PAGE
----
Distinctive trade marks in EuropePosted on
A decision has been issued by the Court of Justice of the European Union (ECJ) with regard to the standard required for distinctiveness of Community trade marks. The ruling followed a refusal of trade mark applications for frosted bottles on the basis that the marks were devoid of distinctive character, because it was a well known fact that wine was chosen on the basis of the combined word and labelling elements of the product, not because of the look of the bottle itself.
The trade mark applications for the frostedbottles were originally made by Freixenet SA in1996, claiming the colours “golden matt” and“black matt” with the disclaimer that theapplicant “does not want to obtain restrictiveand exclusive protection for the shape of thepackaging, but for the specific appearance of itssurface”. Freixenet had provided specific andsubstantiated evidence supporting its claim as tothe distinctiveness of the marks at the time theywere filed. However, the marks were refused atfirst instance and on appeal, with referencebeing made by the Board of Appeal to its owngeneral and practical experience as reasons why the marks were not distinctive. The EU’s General Court also upheld the decision, stating that sincebottles are not sold without a label, only the word element of the label coulddetermine the origin of the goods and therefore the colour and matt finish ofthe glass bottles could not function as a trade mark.
The matter was then referred to the ECJ, which considered whether the criteria
of inherent distinctiveness for a 3D shape should be greater than for any other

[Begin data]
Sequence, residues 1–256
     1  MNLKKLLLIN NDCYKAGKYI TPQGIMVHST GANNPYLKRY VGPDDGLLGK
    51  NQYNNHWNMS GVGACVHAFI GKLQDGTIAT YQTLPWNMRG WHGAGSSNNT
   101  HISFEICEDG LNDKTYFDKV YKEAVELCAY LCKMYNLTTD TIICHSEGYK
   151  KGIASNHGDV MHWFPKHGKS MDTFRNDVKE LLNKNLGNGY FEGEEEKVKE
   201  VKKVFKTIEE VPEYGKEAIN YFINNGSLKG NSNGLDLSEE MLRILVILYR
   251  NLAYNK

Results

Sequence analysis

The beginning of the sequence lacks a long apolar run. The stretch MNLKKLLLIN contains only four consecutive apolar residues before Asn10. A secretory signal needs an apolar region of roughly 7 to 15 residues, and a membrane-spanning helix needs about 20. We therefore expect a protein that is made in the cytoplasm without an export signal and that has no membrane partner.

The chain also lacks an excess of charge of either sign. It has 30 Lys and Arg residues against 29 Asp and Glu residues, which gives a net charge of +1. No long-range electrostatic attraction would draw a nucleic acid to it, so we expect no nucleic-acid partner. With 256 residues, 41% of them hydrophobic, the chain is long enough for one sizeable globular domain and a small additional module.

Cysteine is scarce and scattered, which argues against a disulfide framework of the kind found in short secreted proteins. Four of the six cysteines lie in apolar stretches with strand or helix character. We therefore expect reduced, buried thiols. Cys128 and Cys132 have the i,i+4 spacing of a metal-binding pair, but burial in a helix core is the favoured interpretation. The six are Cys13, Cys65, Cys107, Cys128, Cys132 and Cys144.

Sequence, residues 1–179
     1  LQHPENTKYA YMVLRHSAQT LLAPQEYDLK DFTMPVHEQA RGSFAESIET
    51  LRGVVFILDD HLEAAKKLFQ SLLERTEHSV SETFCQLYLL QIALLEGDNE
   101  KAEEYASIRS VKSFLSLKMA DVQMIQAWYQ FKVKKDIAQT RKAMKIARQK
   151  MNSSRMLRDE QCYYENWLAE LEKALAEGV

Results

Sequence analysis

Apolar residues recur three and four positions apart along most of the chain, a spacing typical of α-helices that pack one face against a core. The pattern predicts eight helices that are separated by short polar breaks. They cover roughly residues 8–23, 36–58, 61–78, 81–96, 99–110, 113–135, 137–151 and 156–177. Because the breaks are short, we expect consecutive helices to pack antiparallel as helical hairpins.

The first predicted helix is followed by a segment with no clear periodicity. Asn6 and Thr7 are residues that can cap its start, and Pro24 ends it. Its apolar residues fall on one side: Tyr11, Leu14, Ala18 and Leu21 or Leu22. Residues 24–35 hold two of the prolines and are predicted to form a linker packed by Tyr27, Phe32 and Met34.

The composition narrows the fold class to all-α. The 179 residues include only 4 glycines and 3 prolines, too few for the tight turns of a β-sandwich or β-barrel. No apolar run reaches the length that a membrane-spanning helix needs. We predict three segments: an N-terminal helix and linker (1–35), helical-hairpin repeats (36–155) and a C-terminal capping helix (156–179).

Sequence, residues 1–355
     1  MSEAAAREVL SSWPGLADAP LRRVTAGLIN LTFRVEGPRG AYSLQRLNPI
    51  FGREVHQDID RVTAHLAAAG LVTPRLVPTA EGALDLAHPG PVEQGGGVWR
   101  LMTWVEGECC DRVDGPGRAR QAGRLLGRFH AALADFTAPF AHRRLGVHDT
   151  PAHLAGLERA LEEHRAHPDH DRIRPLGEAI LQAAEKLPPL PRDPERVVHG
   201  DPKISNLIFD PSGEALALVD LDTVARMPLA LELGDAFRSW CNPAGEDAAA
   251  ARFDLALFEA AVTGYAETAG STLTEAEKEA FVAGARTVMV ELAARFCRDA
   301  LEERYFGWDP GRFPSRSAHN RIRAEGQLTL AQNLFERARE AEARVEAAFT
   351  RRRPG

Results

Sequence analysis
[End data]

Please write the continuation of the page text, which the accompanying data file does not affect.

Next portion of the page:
category of trade mark. The ECJ ruled that account must be taken of the fact
that the perception of the average consumer is not necessarily the same in
relation to a 3D mark when compared to a word or figurative mark, because
average consumers were not in the habit of making assumptions about the origin of the product on the basis of a shape or packaging. The decision stated that, in those circumstances, only a 3D mark which differs significantly from the norm or customs of the sector would thereby fulfil the essential functions of a trade mark, namely designating origin. Therefore a 3D mark could be sufficiently distinctive, but must meet this standard of being unconventional.
In this case, the ECJ set aside the earlier judgements to refuse the trade mark
applications because a reasoned justification for the refusal had not been
provided based on an assessment of the trade marks in light of the well
established criteria set down by case law. In particular, the General Court’s
conclusion that the origin of the goods would be determined solely by wording
on the label would mean that a trade mark consisting of the appearance of
packaging of products would automatically be excluded from Community trade
mark protection. This was clearly never the intention of the law in this area.